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Community and Q&A

Sudden attic moisture

MishaelCB | Posted in Green Building Techniques on

Hi Martin,

We live in an 1860s brick farmhouse in western Mass with 4 kids and a long list of DIY work ahead of us!  Last year we tackled a bunch of home improvement items on our checklist, including attic air sealing, adding blown-in cellulose to our attic (now 14″) and a new metal roof to replace rotting slate.  We also had a bath fan installed and routed it out one of the attic gable vents, closing that vent up, but added a ridge vent along the entire ridge.  Last week I went up to the attic and noticed a LOT of moisture collected on the underside of the roof deck, frost on old protruding nail heads, some spots of the deck wet to the touch, and droplets of water forming on the new ridge vent and dripping back into the attic.  We had had some small issues with moisture and mold in the past, but not this bad, and it made us really worried.  We are guessing it may be due to the new metal roof not letting moisture escape as the old slate did, the blocking off one gable vent, and the increased insulation contributing to a higher moisture content to the air that is getting through.  There is no vapor barrier anywhere (except the metal of our new roof), but we did make sure to seal and latex paint the ceilings below during renovations–there are few if any air leaks and the old plaster and lath ceilings are in excellent condition–leading us to suspect it is the slow movement of vapor through the ceiling materials themselves that has led to this.  No doubt using humidifiers in our bedrooms doesn’t help!  We are considering adding a plastic vapor barrier to the attic, positioning it under the blown in insulation, a few joist bays at a time, and taping sections together and around penetrations.  There is enough of a gap between joist bottoms to accomplish this, in theory.  Or we could drape the plastic over joists and add blown-in cellulose to make the insulation over the “joist-hills” deep enough.  Also adding soffit vents to work with the ridge vent to carry away moisture seems like a good idea, and possibly moving the bath exhaust away from the gable vent so that can work again.  As a side, our roofer did not want to run the bath exhaust out the roof, do you know of a good flashing method for doing this?  Many thanks for any input, happy to answer additional questions, happy winter to all.  – Misha & Nadya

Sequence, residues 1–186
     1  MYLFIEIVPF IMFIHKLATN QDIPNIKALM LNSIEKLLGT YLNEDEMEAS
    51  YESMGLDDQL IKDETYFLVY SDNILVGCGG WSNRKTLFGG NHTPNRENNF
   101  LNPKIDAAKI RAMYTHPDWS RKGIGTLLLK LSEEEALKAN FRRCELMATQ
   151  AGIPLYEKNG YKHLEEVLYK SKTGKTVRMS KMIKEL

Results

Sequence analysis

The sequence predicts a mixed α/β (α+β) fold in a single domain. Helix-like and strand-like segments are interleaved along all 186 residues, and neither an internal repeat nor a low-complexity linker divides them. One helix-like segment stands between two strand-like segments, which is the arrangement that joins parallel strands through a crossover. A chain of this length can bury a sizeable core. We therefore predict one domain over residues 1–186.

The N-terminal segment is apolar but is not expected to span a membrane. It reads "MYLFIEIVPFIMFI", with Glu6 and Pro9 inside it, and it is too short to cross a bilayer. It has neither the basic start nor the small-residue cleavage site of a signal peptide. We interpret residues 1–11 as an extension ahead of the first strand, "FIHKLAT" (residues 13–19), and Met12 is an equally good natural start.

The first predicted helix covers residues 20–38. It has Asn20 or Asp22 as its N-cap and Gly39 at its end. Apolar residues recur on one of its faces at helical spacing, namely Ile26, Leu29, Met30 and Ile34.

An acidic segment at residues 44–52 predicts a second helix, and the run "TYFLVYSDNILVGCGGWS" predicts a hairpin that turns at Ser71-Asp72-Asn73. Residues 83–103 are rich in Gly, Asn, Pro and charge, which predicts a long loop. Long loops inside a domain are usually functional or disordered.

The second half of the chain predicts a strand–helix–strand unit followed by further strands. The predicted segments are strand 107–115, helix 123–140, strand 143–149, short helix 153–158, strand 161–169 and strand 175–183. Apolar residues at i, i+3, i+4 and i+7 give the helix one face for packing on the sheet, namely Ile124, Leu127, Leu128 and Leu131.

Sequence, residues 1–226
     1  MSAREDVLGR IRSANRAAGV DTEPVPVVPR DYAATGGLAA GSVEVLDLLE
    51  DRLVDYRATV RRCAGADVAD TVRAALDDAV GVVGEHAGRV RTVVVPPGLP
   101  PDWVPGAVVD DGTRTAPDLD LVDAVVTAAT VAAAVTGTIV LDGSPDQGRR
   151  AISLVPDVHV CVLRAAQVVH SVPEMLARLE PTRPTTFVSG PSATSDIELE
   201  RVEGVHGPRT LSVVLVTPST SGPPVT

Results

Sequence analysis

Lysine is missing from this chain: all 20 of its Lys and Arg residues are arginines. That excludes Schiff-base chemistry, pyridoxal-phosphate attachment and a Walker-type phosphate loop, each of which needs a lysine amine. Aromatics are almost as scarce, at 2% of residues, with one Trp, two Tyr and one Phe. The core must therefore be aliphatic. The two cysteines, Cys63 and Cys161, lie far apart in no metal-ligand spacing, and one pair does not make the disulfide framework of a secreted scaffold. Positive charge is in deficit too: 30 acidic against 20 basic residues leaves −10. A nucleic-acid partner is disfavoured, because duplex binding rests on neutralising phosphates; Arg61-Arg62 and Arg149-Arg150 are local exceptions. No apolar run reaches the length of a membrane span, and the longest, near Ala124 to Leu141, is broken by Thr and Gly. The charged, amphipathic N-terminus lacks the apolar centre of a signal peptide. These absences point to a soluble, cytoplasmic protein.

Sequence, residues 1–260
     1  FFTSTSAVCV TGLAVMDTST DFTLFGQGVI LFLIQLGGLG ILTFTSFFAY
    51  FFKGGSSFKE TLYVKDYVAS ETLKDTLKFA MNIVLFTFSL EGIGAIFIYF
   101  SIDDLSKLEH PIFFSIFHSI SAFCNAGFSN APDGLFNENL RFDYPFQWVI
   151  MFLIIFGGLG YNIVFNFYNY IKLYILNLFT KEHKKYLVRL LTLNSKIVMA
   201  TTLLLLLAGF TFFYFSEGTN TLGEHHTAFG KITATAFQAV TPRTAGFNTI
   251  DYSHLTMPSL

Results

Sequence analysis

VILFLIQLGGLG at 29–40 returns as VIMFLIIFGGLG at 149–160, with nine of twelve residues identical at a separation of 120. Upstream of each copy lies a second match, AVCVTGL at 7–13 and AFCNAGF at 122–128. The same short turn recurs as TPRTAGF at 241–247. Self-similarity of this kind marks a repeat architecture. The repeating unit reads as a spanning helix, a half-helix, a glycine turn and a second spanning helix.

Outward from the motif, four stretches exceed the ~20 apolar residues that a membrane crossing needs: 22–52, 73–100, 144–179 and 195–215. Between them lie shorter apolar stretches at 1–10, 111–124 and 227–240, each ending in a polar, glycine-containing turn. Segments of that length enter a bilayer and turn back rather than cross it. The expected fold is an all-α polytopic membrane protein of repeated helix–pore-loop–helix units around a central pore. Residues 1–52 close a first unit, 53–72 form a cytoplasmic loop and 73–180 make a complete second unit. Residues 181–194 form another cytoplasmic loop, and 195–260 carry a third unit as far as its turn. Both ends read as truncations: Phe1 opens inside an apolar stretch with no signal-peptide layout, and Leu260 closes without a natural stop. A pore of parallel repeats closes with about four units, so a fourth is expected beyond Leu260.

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  1. MattJF | | #1

    Step one would be to stop regular use of humidifiers.

    Your attic is likely colder now that you have better insulated it. Soffit vents would be ideal, although properly sized gable vents should help.

    Was a blower door or similar used assist in air sealing? It can be very useful to assist sealing.

    Gable vents are usually much larger than what is required for a bath fan. Is the duct sealed to some sort of hooded damper or just against the old gable vent? You could move the bath fan duct exit to a new spot on the gable wall with a hooded damper. Also verify all the duct is sealed with mastic.

    I would expect you could skip the plastic until a number of other options are addressed.

    Edit: we had some odd weather here sat and Sun with sudden really warm temps (60-70f). A lot of things accumulated condensation as that weather pattern moved in that never typically would. Your issues sound prior to that event though.

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